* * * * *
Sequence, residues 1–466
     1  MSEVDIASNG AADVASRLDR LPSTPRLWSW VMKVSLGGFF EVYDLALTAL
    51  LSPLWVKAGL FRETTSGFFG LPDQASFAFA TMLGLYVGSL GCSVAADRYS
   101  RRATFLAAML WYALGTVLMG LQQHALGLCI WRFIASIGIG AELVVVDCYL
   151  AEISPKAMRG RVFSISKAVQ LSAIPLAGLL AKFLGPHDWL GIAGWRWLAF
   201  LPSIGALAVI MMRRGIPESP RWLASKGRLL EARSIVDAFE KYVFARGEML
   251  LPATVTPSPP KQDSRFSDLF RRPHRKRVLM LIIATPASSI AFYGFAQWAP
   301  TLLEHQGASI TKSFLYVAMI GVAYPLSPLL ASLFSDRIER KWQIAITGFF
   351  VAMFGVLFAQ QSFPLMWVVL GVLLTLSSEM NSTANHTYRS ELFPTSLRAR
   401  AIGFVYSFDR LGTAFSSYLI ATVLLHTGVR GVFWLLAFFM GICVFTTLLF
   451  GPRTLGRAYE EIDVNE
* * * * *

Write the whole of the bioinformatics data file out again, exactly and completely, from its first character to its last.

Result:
Sequence, residues 1–466
     1  MSEVDIASNG AADVASRLDR LPSTPRLWSW VMKVSLGGFF EVYDLALTAL
    51  LSPLWVKAGL FRETTSGFFG LPDQASFAFA TMLGLYVGSL GCSVAADRYS
   101  RRATFLAAML WYALGTVLMG LQQHALGLCI WRFIASIGIG AELVVVDCYL
   151  AEISPKAMRG RVFSISKAVQ LSAIPLAGLL AKFLGPHDWL GIAGWRWLAF
   201  LPSIGALAVI MMRRGIPESP RWLASKGRLL EARSIVDAFE KYVFARGEML
   251  LPATVTPSPP KQDSRFSDLF RRPHRKRVLM LIIATPASSI AFYGFAQWAP
   301  TLLEHQGASI TKSFLYVAMI GVAYPLSPLL ASLFSDRIER KWQIAITGFF
   351  VAMFGVLFAQ QSFPLMWVVL GVLLTLSSEM NSTANHTYRS ELFPTSLRAR
   401  AIGFVYSFDR LGTAFSSYLI ATVLLHTGVR GVFWLLAFFM GICVFTTLLF
   451  GPRTLGRAYE EIDVNE